The Ball Baron, Super Blackout Edition: A Terrible/Awesome End to a Terrible/Awesome Season

It’s fitting that, in a year when the NFL had so many of its worst qualities on full display, that we were given a final game like the one America endured last night, a game that was on the verge of becoming the absolute shittiest Super Bowl of all time before the 49ers woke up and turned it into a prolonged cocktease. Ravens/Niners was a microcosm of everything that went wrong with the NFL this season, including:

1. Horrible officiating. There’s something dispiriting about a game whose outcome turns on whether the ref decides to throw a flag. Niners wideout Michael Crabtree was clearly held by Ravens corner Jimmy Smith on San Francisco’s doomed fourth down attempt at the end of the game. You could see Smith holding onto Crabtree’s jersey. Outside of Baltimore, I don’t think anyone would have bitched about a flag being thrown on that play (especially since it would have probably led to a far more exciting final minute of regulation). Just like during the replacement ref debacle in the season’s first three weeks, you got the sense that the outcome last night was more or less arbitrary: that the NFL is still frantically trying to alter the fundamental nature of football on the fly, and the game itself is losing any sense of structure because of it. But again, I’m just bitching because that ending was a real letdown, man.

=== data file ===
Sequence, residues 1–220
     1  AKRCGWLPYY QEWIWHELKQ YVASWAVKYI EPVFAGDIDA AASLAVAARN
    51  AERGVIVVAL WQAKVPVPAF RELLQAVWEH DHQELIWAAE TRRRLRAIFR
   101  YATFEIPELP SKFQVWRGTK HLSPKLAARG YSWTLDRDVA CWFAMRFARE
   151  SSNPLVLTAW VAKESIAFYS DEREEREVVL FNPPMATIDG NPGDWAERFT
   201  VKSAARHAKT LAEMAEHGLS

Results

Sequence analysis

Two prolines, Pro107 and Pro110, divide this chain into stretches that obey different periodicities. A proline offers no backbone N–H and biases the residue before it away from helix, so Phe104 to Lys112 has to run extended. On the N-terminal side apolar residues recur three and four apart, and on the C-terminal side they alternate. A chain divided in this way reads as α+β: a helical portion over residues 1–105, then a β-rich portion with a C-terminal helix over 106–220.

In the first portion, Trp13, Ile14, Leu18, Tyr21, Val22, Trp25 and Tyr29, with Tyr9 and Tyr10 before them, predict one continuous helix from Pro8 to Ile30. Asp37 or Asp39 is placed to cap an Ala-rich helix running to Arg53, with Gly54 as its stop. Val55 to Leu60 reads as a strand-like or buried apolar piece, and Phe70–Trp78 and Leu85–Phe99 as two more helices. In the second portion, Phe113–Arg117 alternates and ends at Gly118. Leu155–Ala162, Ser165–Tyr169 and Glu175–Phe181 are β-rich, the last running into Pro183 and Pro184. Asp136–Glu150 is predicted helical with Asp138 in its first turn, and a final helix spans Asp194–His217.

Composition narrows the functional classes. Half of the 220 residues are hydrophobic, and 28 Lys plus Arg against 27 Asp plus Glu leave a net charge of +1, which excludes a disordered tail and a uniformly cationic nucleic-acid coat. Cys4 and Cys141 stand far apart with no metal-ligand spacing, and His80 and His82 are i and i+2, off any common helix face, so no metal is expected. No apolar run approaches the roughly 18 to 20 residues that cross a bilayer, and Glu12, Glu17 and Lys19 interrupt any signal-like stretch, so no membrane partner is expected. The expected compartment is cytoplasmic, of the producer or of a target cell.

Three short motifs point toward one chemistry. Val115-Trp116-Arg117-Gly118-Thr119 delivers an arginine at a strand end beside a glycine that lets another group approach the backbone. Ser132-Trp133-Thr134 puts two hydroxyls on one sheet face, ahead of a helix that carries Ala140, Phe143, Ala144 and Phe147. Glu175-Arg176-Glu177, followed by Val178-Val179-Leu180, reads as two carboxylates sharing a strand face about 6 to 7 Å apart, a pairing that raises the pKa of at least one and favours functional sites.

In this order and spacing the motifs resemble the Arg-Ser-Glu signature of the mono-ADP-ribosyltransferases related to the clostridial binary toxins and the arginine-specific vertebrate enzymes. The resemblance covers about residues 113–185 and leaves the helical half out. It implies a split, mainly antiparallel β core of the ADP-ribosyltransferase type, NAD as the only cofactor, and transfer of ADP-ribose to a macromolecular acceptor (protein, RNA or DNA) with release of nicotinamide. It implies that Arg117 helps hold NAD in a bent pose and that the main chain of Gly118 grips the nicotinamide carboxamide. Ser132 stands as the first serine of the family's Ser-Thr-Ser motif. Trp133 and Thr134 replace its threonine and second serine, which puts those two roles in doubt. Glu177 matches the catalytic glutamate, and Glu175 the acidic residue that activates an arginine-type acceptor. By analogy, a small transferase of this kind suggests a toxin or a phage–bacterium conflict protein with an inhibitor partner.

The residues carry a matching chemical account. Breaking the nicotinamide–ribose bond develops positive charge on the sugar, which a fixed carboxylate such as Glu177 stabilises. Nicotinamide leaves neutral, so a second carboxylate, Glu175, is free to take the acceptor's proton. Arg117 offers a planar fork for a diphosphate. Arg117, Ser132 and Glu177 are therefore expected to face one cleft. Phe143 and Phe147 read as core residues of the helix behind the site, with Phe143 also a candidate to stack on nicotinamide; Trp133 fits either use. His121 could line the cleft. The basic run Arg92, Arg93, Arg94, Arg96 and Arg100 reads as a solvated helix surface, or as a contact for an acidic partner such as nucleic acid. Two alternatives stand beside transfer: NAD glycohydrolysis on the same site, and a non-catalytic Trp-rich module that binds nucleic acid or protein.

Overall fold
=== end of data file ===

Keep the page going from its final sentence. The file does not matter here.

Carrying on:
2. Violence. Think the NFL is a barbaric sport that sends unwitting players to an early demise? Well then, you had a great chance to put on your angry pants during the first-half scuffle in which Ravens corner Cary Williams got stepped on by an opposing player and then went absolutely batshit, pushing a ref but somehow managing to avoid being tossed from the game. Of course, it was easy to overlook this whole fracas because CBS barely bothered to replay it, which brings us to…

3. Miserable, awful, terrible broadcasting. That CBS failed to go back and show Williams getting stepped on was a bizarre oversight, but it was hardly surprising on a night when the network acted as if it were broadcasting a live football game for the first time. When Crabtree got held at the end of the game, I swear to you that analyst Phil Simms said it was a good no-call because it was so late in the game. A human being actually thought this was a logical thing to say, that it’s somehow wise of an official to completely ignore infractions depending upon what time of day it is. Why is this person allowed to speak during the game?

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